Blackpool fire manager via text message: What's next?
Soccer, Blackpool

Coach fired by text message; Other ways it could have been handled

1/21/14 in Soccer   |   ZacWassink   |   74 respect

It turns out that you can say all that needs to be said in 140 characters or less.


Sky Sports confirmed on Tuesday that Blackpool have sacked manager Paul Ince. The following is the official statement from the club: “Blackpool Football Club can confirm that manager Paul Ince and assistants Alex Rae and Steve Thompson have had their contracts terminated with immediate effect.


Barry Ferguson will take charge of training when the players return on Thursday. A further announcement will be made in due course.”


The news, on its own, isn't all that big of a deal for the American sports fan. Even the biggest follower of English football can only care so much about the manager of a mid-table second division side being shown the door. It's how Ince was reportedly fired that has grabbed headlines.


Sky Sports claim that he was sent a text message.


Outside of changing the locks to the office doors or moving the club in the middle of the night without telling the manager, text message is about the coldest way you'll hear of a boss being informed that his services are no longer required. Then I thought about it for a few moments and realized that Blackpool may merely be ahead of the game as it comes to handling these sticky situations in the modern age.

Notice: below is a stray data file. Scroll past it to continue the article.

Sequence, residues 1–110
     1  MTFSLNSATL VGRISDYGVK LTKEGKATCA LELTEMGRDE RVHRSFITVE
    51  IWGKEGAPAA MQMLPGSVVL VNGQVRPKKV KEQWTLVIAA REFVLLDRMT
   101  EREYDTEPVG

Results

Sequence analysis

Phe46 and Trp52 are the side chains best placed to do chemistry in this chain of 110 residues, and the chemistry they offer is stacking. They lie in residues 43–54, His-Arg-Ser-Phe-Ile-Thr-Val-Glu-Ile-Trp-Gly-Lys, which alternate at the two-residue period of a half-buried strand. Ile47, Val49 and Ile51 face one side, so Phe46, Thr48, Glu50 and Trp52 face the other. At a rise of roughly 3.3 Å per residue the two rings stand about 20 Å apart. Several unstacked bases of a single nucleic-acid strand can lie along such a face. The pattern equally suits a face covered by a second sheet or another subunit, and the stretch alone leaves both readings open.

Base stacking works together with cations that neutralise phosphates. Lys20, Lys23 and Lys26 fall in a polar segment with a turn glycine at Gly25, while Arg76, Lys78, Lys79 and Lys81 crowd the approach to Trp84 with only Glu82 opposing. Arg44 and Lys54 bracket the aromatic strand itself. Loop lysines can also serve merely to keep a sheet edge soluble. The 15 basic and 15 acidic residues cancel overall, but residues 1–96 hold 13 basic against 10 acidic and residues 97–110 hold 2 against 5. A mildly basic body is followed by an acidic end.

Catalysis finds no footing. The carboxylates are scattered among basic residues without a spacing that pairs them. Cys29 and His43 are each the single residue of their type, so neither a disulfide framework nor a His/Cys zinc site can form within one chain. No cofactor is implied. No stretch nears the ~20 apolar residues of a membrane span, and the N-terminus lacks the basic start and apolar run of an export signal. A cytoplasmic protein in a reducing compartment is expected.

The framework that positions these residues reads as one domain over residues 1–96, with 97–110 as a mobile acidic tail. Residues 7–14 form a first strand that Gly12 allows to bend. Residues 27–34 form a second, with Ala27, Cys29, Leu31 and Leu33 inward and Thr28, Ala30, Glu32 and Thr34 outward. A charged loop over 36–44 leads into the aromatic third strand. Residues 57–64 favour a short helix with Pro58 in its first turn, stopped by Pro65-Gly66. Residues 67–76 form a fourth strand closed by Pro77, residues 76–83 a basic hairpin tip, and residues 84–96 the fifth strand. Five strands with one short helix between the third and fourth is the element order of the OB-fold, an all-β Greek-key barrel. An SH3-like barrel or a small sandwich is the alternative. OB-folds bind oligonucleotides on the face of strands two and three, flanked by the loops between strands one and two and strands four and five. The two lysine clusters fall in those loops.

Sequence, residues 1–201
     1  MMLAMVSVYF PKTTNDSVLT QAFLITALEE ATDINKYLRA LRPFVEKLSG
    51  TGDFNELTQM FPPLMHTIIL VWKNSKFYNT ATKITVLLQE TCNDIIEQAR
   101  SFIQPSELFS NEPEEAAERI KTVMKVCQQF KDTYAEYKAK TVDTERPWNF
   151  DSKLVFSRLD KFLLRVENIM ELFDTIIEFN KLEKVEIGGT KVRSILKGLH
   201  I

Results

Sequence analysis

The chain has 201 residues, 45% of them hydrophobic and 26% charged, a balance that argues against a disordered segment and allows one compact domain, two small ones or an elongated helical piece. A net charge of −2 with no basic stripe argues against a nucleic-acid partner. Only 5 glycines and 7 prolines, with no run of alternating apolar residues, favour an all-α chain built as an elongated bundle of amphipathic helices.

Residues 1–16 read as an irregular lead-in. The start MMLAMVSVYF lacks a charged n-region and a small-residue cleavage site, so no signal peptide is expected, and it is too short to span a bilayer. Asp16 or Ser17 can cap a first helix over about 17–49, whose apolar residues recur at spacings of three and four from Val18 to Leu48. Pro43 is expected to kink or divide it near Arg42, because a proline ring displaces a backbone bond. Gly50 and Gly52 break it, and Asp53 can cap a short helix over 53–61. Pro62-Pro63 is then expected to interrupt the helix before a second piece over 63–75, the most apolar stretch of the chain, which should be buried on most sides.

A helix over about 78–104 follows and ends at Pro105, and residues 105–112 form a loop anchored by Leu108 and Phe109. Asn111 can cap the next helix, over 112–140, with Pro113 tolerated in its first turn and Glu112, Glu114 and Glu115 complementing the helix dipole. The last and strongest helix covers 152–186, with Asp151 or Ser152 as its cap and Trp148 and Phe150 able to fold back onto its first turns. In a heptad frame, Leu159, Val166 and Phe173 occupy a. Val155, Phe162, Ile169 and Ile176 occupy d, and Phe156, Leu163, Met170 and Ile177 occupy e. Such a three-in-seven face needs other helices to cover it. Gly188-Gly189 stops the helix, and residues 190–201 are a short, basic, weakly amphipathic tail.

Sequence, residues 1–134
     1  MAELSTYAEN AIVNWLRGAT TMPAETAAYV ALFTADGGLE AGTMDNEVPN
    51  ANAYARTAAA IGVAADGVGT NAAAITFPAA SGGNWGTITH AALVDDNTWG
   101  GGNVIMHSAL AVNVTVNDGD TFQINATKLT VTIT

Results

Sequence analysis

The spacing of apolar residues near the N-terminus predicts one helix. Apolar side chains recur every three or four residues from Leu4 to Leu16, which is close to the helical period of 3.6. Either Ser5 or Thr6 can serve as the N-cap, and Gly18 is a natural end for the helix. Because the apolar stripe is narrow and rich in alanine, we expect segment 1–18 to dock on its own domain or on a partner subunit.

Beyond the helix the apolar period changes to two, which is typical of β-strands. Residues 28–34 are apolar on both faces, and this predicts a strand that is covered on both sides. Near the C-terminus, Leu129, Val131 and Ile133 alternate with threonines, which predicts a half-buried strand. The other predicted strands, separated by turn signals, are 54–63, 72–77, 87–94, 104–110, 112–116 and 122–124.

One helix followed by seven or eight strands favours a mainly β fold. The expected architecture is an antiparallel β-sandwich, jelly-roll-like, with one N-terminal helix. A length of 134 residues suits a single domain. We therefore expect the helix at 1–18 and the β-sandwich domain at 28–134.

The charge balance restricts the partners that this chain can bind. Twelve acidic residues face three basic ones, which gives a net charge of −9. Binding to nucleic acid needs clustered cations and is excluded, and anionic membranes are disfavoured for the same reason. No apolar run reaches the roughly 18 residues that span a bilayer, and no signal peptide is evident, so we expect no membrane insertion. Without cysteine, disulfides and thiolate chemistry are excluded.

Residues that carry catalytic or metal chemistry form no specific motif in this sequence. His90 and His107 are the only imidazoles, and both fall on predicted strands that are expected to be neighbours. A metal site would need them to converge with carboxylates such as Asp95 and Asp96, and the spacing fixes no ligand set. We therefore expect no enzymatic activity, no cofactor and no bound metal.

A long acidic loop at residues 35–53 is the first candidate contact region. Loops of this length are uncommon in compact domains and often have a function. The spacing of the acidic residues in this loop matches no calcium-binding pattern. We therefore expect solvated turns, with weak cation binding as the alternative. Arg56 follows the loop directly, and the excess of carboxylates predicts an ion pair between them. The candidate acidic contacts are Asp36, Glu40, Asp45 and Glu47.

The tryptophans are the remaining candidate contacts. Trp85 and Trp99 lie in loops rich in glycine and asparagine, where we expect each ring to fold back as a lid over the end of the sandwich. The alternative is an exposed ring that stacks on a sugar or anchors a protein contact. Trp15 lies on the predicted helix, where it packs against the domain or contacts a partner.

Taking care of this type of business via text message brings with it a no muss, no fuss factor to the one-on-one confrontation. There is still, however, the matter of addressing the news to the public. Just like with everything else in life, it turns out;


there is an app for that.


Twitter offers a great avenue to publicly announce a firing. A company wouldn't even have to mention a name if it decided to go the route of the subtweet. Example: “You probably don't have to come into work tomorrow #YouKnowWhoYouare”


Vine lets one add both a voice and a face to the message, and it takes under seven seconds to get the point across via a brief video. Example: “Paul, just wanted to let you know that you're fired. Thanks, bye.” The extra gut-shot for the victim here is that the video would replay over and over and over again until the app/window is shut down. Ouch.


Instagram provides double the video length for those who need the extra time to get their points across. A picture with captions such as “#Sacked,” “#Fired” or “#SeeYaWhenWeSeeYa” would also suffice.


Reddit users could post a Q&A about whether or not the coach in question should be fired, and then let fans vote on who should take over via an online poll. The length of that thread would provide quite the indication of how well that coach was liked or disliked.


Looking to group the latest “dead man walking” with others who have fallen before him? Pinterest has you covered. Some applicable board names as it pertains to this topic could be “Searching for work,” “Leave the memories alone” or “Potential candidates for next head coach of the Cleveland Browns.”


Don't forget about good ol' reliable Facebook. The social media tool that is not as popular with youths as it was before could be used by a club to warn a coach when he is on the hot seat by changing its relationship status to “it's complicated” before ultimately breaking the news by becoming single.


I do suppose that Skype that is also an option, but that seems like way too much face-to-face for 2014. If you're going to do that, why not just call the guy into the office to break the bad news.


How absurd.

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